What to Expect at a Skin Cancer Screening
I recommend that most of my patients have a skin check at least once a year. The purpose of this screening is to identify skin cancers early. Of course, I also recommend that patients check their own skin once per month. If they see a suspicious, new or changing spot, they should come in immediately.
Before the visit
I ask patients to come in without anything on their skin. That means no makeup, no nail polish, no sunscreen and no lotions. We will ask patients to remove their makeup if they are wearing it. This is so that we can accurately examine the skin.
My nurse or I will ask the patient about his or her medical history. Specifically, we want to know about any medical conditions and medications (prescription, over the counter medications and supplements). Patients should know what medications they are allergic to and what happened when they took that medication.
In most cases, the patient will be asked to undress and put on a gown. In order to examine all of the skin, I use the gown to drape the patient. We are very respectful of the patient’s privacy during examination. I will examine the patient’s scalp, face and body. I will look between the toes. This is because skin cancer occurs even in areas that do not see the sun.
If I see something suspicious, I will discuss this with the patient. Sometimes, I will perform a skin biopsy. This is a relatively quick procedure and should not cause much discomfort. I will numb the skin and take a sample. The sample will be sent to the lab for evaluation. Results are usually available in about 2 weeks.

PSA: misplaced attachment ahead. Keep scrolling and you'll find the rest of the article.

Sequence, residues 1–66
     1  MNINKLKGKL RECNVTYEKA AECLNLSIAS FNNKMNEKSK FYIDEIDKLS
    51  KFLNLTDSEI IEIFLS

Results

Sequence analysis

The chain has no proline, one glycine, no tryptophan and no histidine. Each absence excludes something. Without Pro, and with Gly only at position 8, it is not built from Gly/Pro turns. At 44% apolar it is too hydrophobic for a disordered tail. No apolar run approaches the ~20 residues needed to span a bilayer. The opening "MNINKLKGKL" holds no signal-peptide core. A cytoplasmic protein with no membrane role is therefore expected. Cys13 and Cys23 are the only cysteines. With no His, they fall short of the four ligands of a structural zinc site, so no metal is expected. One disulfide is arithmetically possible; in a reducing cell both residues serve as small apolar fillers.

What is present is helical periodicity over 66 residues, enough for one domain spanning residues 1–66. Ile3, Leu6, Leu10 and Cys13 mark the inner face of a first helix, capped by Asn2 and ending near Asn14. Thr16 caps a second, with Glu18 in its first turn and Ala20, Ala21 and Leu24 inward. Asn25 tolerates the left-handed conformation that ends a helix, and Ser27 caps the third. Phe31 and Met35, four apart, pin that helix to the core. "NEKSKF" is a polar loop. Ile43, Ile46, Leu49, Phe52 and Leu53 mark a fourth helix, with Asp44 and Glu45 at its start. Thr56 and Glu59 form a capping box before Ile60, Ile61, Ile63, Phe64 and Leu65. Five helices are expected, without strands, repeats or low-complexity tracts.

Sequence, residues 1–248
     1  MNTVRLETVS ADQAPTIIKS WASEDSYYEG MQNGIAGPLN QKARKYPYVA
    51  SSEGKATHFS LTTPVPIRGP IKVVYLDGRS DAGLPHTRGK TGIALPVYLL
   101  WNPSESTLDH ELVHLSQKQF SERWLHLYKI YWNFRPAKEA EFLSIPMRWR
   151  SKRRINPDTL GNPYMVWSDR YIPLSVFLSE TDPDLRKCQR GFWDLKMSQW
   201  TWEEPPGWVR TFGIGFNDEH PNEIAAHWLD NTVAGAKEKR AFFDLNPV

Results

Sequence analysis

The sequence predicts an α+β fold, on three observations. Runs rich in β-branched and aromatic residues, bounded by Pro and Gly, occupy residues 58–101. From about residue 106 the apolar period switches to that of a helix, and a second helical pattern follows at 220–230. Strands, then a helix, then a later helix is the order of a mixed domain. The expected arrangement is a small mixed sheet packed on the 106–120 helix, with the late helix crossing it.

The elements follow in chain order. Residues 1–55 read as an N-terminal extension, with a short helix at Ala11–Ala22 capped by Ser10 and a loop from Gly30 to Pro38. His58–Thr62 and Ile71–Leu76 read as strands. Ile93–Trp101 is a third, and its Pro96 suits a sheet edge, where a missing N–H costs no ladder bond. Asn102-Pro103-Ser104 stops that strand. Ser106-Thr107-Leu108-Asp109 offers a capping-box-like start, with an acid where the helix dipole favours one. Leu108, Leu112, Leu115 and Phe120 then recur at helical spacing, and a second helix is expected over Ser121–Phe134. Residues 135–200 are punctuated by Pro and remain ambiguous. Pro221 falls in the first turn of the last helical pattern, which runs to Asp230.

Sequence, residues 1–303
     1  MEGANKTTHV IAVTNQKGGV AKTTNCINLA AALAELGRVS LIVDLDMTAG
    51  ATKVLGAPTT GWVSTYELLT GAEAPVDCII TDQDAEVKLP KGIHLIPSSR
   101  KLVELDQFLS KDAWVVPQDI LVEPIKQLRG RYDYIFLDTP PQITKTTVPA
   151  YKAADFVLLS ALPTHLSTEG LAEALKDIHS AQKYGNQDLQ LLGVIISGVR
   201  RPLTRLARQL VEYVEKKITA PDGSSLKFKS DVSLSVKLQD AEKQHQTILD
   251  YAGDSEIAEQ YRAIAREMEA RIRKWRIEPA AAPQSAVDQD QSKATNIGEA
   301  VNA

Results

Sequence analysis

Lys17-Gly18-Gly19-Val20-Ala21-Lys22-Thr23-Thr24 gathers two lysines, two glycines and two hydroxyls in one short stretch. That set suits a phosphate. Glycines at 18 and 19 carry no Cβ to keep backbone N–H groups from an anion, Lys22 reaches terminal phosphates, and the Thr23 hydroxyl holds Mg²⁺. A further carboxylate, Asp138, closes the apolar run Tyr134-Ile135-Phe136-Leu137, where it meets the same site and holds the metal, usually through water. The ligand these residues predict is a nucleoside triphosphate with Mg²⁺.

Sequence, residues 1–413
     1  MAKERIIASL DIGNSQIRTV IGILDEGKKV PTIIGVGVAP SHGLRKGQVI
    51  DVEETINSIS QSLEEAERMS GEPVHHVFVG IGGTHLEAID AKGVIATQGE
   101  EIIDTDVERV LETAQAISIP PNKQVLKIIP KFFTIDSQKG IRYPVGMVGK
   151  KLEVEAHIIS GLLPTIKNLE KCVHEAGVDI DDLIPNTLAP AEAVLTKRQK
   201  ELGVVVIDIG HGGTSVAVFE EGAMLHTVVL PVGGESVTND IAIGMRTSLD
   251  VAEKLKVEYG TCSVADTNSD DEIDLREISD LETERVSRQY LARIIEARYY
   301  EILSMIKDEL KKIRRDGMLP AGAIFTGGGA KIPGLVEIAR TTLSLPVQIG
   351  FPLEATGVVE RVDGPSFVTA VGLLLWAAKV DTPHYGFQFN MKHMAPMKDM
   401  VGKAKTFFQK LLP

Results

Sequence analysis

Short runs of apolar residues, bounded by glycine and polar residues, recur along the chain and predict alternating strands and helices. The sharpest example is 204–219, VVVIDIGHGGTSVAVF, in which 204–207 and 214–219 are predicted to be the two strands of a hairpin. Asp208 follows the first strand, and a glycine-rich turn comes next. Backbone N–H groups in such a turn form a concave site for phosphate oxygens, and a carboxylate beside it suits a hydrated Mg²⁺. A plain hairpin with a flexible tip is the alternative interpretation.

It is a good idea for the patient to make a list of the questions that they have and double-check that all concerns were addressed during the visit. Patients should make sure to point out any new or changing spots to the doctor.
Sometimes, we do not have time to address skin concerns that are not related to the cancer screening. To address all concerns, we will ask the patient to make a separate appointment to come back.
We provide written information about skin cancers and skin cancer prevention. We ask that the patients read this information. Early detection of skin cancer can save lives.
Safe in the Sun
“Wear a beach cover-up when headed for an all-day outing in the sun. I actually love the sun shirts that have SPF woven into the fabric.” – Dr. Vishakha Gigler
“The basic difference between a cream and a lotion is that cream is thicker. This allows for better emollition and hydration.” – Dr. Vishakha Gigler